Feeds

Novell Q3 revenue disappoints

Better profits

  • alert
  • submit to reddit

Eight steps to building an HP BladeSystem

Novell revenues were up nicely in Q3 04, coming in at $305m, against $283m for same time last year. But the headline figure is less than what it seems - like-for-like sales were down to $265m.

Revenues for the quarter ended 31 July include $38m not available last time around, including a $14m contribution from SUSE, $19m revenue and interest income from the Canopy Group arising from a legal judgment, and a currency upswing worth $5m.

But the Provo, Utah software vendor did rather better on profits, producing net income of $23m (Q3 O3: -$12m). On the nine months tally, Novell has totted up revenues of $865m (Q3 03: $819m) and net income of $44m ($-53m).

The company formerly best-known for its Netware networking operating system is re-inventing itself as a Open Source-based OS and apps vendor. It says it is in transition to becoming a "growth vendor" once again. But today's results show that it has a little more transitioning to do. It points to Linux and identity management as growth areas, claiming a good performance from its SUSE Linux business, which is proving "instrumental in positioning Novell as a strategic vendor to large enterprises".

Sales of subs for SUSE LINUX Enterprise Server reached 19,000 units in Q3 04, with 12,000 of the units sold to one customer. Presumably, that one customer is a big hardware vendor, such as IBM. Anything else, and such a reliance on one customer would make SUSE look vulnerable.

According to Jack Messman, chairman and CEO of Novell, the company is "witnessing the early impact of Linux, a disruptive technology, as it gives enterprises incomparable choices and flexibility in lowering their costs and reducing their vulnerability to security breaches. The collective innovation of the open source community that supports Linux will significantly disrupt the historical order in the information technology market to the benefit of corporations and consumers."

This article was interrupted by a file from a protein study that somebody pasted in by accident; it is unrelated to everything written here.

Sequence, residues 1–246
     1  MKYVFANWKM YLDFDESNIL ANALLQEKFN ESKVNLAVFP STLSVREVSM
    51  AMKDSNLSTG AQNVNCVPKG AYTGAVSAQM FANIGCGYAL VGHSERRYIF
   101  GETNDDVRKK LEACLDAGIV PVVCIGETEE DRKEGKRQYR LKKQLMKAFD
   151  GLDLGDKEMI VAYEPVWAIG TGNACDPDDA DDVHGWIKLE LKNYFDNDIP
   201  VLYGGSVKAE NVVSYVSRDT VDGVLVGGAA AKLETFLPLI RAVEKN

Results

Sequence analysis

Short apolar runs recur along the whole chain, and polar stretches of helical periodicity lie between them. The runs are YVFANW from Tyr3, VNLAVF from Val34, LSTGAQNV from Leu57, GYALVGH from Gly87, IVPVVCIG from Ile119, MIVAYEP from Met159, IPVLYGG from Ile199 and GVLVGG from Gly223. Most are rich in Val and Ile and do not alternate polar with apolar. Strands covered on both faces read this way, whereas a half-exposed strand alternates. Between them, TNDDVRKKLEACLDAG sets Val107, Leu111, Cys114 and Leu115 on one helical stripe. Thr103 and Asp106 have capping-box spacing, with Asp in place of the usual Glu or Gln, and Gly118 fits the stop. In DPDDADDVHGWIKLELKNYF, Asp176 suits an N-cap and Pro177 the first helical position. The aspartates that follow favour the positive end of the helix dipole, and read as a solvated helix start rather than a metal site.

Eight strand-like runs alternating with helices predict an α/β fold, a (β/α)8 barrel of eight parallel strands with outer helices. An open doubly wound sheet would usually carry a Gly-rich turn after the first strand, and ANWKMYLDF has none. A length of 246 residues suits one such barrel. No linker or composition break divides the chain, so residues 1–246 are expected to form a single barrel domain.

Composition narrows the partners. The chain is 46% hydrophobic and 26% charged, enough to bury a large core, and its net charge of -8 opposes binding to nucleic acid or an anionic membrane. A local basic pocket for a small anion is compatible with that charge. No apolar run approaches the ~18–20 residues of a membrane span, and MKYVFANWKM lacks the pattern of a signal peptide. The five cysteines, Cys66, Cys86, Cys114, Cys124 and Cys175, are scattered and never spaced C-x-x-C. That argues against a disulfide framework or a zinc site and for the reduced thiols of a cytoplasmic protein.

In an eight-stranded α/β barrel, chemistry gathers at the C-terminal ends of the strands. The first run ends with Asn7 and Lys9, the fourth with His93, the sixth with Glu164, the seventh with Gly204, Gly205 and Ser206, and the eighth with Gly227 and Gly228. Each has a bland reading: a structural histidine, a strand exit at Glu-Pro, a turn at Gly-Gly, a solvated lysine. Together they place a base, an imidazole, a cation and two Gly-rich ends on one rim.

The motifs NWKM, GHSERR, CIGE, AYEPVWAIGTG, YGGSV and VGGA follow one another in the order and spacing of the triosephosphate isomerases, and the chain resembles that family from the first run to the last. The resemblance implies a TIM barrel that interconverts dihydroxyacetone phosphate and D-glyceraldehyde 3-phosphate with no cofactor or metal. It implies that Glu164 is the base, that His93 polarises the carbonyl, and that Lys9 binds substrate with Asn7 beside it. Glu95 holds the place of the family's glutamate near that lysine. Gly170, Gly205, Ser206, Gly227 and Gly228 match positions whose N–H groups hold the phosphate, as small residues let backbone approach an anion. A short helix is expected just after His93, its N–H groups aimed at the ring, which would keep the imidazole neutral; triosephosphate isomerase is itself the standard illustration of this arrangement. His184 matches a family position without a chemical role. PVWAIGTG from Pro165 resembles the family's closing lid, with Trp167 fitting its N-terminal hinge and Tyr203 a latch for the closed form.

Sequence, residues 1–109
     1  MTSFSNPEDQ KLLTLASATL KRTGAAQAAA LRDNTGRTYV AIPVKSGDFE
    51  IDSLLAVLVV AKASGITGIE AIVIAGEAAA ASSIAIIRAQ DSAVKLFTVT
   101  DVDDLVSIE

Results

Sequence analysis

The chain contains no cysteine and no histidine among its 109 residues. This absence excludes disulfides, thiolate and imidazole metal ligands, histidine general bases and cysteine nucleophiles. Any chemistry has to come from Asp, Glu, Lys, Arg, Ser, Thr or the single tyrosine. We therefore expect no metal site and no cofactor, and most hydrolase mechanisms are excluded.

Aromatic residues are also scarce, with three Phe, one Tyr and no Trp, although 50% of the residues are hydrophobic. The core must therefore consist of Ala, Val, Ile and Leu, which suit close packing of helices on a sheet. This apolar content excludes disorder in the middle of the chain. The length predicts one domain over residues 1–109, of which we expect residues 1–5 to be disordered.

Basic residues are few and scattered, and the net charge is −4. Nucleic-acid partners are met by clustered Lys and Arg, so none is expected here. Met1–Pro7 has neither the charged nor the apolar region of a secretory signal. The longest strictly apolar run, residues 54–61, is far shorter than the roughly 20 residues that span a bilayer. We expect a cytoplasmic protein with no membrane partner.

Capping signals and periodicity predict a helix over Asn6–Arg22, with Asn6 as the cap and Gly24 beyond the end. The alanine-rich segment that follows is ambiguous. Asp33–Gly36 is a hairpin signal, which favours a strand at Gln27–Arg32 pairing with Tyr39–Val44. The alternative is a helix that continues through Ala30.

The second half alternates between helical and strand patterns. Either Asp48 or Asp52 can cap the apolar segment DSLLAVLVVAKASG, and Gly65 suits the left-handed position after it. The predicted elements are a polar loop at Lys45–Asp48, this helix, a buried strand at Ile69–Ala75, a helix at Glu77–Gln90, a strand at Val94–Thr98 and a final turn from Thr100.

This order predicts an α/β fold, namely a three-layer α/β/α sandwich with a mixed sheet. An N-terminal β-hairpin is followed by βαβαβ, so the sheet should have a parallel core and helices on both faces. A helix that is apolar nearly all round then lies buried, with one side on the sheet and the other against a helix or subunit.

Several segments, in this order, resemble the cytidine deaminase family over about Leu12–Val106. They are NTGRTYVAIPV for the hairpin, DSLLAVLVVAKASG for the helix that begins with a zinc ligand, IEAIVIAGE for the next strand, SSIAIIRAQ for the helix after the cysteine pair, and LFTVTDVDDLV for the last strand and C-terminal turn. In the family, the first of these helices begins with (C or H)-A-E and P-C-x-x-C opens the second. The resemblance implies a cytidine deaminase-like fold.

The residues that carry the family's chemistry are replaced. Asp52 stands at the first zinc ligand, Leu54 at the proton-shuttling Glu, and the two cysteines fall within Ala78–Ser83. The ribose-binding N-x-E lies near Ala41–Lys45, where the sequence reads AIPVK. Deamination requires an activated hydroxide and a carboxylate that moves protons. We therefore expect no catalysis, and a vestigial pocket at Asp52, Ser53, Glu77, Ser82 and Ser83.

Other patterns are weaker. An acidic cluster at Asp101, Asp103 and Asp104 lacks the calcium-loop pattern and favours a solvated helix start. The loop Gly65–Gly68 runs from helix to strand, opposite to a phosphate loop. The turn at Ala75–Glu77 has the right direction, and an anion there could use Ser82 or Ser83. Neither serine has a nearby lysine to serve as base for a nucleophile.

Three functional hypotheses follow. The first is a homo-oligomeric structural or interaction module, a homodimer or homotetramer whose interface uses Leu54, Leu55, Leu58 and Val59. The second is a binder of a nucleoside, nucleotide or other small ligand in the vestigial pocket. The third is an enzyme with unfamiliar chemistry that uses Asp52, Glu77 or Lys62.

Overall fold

Novell ended the quarter with $1.1bn in cash and short-term investments, against $636m same time last year. The leap comes courtesy of the $600m debenture issue during the quarter and positive cashflow from operations of $65m. The company spent $125m buying back stock. At some point it will have to pay back the debenture, but in the meantime it has a useful warchest to buy a niche software vendor or three. ®

Related stories

Novell eyes lean, mean Linux
Novell nets Salmon
Novell and its $600m war chest
Novell releases Mono
Novell yawns its way to modest Q2

Mobile application security vulnerability report

More from The Register

next story
BBC goes offline in MASSIVE COCKUP: Stephen Fry partly muzzled
Auntie tight-lipped as major outage rolls on
iPad? More like iFAD: We reveal why Apple fell into IBM's arms
But never fear fanbois, you're still lapping up iPhones, Macs
White? Male? You work in tech? Let us guess ... Twitter? We KNEW it!
Grim diversity numbers dumped alongside Facebook earnings
HP, Microsoft prove it again: Big Business doesn't create jobs
SMEs get lip service - what they need is dinner at the Club
Bose says today IS F*** With Dre Day: Beats sued in patent battle
Music gear giant seeks some of that sweet, sweet Apple pie
Amazon Reveals One Weird Trick: A Loss On Almost $20bn In Sales
Investors really hate it: Share price plunge as growth SLOWS in key AWS division
Dude, you're getting a Dell – with BITCOIN: IT giant slurps cryptocash
1. Buy PC with Bitcoin. 2. Mine more coins. 3. Goto step 1
There's NOTHING on TV in Europe – American video DOMINATES
Even France's mega subsidies don't stop US content onslaught
prev story

Whitepapers

Top three mobile application threats
Prevent sensitive data leakage over insecure channels or stolen mobile devices.
Implementing global e-invoicing with guaranteed legal certainty
Explaining the role local tax compliance plays in successful supply chain management and e-business and how leading global brands are addressing this.
Boost IT visibility and business value
How building a great service catalog relieves pressure points and demonstrates the value of IT service management.
Designing a Defense for Mobile Applications
Learn about the various considerations for defending mobile applications - from the application architecture itself to the myriad testing technologies.
Build a business case: developing custom apps
Learn how to maximize the value of custom applications by accelerating and simplifying their development.